- Start using retinol
- Become menopausal
- Get AARP discounts
- Eat dinner around 5pm
- Wear reading glasses
- Color your hair
- Worry about osteoporosis
- Praise Activia
- Forget proper nouns
Thank you for agreeing to take care of Pismo while we are on vacation. You are a wonderful friend. I know she’s in good hands with you. Here’s what you need to know:
- Love her. Hug her. Scratch her. Play with her. Kiss her. Pet her. Talk to her.
- Pismo eats 2x a day. One cup of Iams mini-chunks in the green bag in the AM mixed with water. Again at 6pm. Give her fresh water at these times. Pismo gets dehydrated easily.
- Take Pismo out at least 3x a day. Once in the AM when she first wakes up (not when you first wake up), once in the afternoon and once more before bed. Pick a spot and keep taking her there. She will eventually catch on. Bring several poop bags with you on walks. She will make at least 3 poops per walk. The last one will be a bitch to pick up.
- If you choose to give Pismo additional food she can eat chicken (no skin), turkey sandwich meat, boiled white rice, cottage cheese, eggs (either boiled, scrambled or sunny-side up). It is ok to let her suck on an apple core if you hold it and don’t let her eat it, but be careful about the seeds. If you give her additional food put it in her bowl, I don’t want her to lose her manners. Except for the apple.
- Pismo will arrive with 1 ball, 1 rope bone, 2 socks that have been worn for several days so they carry my scent. Do not give her rawhide or hoofs. You will regret it. Play only with hard plastic toys, use the ball as an example. If she punctures a toy please remove it. Let her pull off your socks. She will then lick your toes. Let her do this. It makes her happy.
- If you take her in the car expect her to drool. Bring paper towels. Remove her leash, it could be a choking hazard. Put her on the seat next to you. She likes to look out the window. Don’t let her stick her head out too far. She doesn’t get carsick anymore but if she’s going to vomit she will warn you with a series of pre-vomit gags. That’s usually enough time to pull over or hold a bag to catch the puke. Also, take her to pee before a car ride just to be safe.
- Let her sleep in the bed with you.
- Don’t leave her alone in the backyard. She’s a digger and might try to escape. If you must leave her alone make sure it’s someplace safe with her toys around her. Beware of outlets, cords, wires or potential destruction projects she could accomplish.
- Never let go of the leash, even when she yanks super hard. Wrap it around your hand. Try to distract her from squirrels and bunnies.
- Her favorite shows are The Office and Friends. You might want to leave them on in the background at all times.
- Pismo hates baths. Don’t bother unless it’s absolutely necessary. Use baby shampoo, no conditioner or product. Brush thoroughly. Blow dry on low setting.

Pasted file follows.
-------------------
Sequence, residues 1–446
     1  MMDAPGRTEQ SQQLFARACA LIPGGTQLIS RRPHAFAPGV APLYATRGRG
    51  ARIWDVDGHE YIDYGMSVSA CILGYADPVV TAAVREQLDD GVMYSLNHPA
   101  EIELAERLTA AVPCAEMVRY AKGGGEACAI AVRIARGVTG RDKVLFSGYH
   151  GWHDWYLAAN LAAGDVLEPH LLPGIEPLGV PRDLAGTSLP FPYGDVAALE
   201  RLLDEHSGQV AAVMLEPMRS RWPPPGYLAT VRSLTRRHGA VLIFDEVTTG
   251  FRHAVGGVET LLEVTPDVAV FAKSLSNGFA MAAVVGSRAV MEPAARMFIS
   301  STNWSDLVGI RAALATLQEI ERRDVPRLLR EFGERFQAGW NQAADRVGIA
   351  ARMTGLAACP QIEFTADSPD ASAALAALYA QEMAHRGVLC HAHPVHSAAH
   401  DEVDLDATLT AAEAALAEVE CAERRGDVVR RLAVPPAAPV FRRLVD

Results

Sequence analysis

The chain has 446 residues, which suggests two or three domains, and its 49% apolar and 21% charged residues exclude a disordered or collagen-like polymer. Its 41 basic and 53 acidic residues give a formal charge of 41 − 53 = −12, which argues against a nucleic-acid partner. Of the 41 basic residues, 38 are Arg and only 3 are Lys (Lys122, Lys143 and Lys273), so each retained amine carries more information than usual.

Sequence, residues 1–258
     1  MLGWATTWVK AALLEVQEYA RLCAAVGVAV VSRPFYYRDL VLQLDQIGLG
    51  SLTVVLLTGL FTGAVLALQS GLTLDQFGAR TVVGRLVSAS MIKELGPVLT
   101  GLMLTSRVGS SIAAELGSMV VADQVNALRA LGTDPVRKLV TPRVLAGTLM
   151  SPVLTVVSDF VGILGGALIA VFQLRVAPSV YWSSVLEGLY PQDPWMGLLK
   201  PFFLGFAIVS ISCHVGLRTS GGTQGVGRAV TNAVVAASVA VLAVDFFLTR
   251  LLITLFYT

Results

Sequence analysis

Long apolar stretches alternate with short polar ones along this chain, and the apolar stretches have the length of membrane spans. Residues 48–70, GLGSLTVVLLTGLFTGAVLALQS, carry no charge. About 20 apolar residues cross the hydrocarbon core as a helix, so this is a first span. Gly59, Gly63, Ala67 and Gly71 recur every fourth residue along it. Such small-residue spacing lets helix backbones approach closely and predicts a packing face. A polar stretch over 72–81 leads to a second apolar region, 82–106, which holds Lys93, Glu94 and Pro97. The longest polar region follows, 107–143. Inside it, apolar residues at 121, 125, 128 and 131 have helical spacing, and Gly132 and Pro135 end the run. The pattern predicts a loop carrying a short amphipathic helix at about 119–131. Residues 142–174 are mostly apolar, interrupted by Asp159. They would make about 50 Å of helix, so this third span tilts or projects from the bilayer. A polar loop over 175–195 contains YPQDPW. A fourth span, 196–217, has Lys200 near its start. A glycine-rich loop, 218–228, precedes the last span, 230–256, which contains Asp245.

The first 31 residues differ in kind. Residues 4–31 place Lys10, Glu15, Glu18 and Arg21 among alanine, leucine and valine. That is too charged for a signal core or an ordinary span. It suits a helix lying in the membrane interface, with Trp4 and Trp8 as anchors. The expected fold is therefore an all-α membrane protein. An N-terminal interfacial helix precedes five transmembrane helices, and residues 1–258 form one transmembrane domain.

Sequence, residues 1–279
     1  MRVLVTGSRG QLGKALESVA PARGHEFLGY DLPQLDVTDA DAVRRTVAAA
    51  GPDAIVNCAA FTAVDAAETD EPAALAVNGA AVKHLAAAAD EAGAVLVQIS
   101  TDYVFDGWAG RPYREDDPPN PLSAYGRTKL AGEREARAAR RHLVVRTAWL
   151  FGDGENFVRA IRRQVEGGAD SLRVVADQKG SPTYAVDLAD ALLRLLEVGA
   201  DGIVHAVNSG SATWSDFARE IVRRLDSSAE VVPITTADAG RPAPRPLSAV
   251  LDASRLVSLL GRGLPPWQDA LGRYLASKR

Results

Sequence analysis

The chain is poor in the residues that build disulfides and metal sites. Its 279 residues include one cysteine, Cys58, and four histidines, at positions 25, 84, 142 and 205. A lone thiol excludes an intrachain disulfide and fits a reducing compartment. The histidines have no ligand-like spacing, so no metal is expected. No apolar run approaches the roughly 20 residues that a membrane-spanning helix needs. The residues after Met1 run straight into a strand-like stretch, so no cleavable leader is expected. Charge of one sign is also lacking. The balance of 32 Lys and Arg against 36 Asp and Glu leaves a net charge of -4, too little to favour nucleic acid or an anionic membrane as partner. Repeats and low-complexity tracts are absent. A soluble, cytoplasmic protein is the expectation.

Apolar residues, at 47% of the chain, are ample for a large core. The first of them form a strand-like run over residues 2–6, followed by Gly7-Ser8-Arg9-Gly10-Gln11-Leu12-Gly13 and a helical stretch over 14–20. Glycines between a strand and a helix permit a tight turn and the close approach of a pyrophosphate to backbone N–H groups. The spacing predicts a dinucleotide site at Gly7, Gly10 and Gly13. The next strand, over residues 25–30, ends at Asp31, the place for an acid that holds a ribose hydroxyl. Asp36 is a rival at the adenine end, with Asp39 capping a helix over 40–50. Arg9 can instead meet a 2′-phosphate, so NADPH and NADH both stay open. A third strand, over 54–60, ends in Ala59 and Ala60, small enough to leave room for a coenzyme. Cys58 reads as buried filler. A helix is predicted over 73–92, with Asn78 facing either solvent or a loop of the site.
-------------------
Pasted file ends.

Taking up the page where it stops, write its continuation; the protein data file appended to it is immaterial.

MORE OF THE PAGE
- Her favorite activities are to lick herself, lick feet, fetch (but she won’t give it back).
- Pismo doesn’t get along with other dogs. She doesn’t like being sniffed or humped and they always do that to her.
- If she gets icky poop feed her boiled white rice and cottage cheese, 1 cup each. Take her out more often. Even if she’s really sick she can still hold it. Should she have an accident, you can scold her but only if you catch her right away. If time passes she won’t remember why you are yelling at her and she will think you’re crazy. If she ruins anything just send me the bill.
- Consider yourself warned — her farts can clear a room.
Again, thank you so much for watching her. See you in two weeks!!
- Take a drink every time I enter a room but have no idea why I came in.
- Take a drink every time I ask, “Where’s my _________________?”
- Take a drink every time someone asks, “What’s for dinner?”
- Take a drink every time I pick up someone else’s dirty dishes.
- Take a drink every time I sit in front of the computer but forget what I wanted to google.
- Take a drink every time my husband can’t find his phone.
- Take a drink every time my daughter asks for a new toy.
- Take a drink every time my son can’t find his shoes.
- Take a drink every time I have to pee in the middle of the night. (counterproductive?)
- Take a drink every time I sit down to write but forget my train of thought.
I call you “baby” because that’s who you are to me. My sweet baby boy with the enormous eyes like Oreo cookies.
Happy Birthday, Baby. You’re changing fast. Two weeks ago you weren’t taller than me. Now you’re taller than me. You have an adorable faint mustache, and your voice is in its Peter Brady phase. You used to have baby fat, but now you’re lean like a library ladder. It’s almost like you’ve become a different person overnight.
But you will always be my baby.
You were born into this family as the little brother. Your big brother loved you like crazy. You followed him everywhere. You climbed on his lap and the two of you stared at the little DS screen together while he played his games, and you cheered him on. He protected you from icky bugs, made sure you learned “parking lot rules” and taught you about Pokemon. You shared sushi, toys, a room and a deep love for each other. Many nights I’d find you asleep holding hands across the empty space between your beds.
The role of little brother fit you perfectly. You were a silly goofball, carefree and happy.
Then your brother got sick with brain cancer. You were left frequently with your Aunt. You were confused. Things changed. Your brother changed. He looked different. He was in a wheelchair and spent months in the hospital, but all you wanted was to be near him, hug him, talk about Pokemon and make up scenarios for your “guys” with the hundred stuffed animals you both owned. He put his arm around you when you climbed into his hospital bed to watch Nick Jr. You fell asleep holding onto him.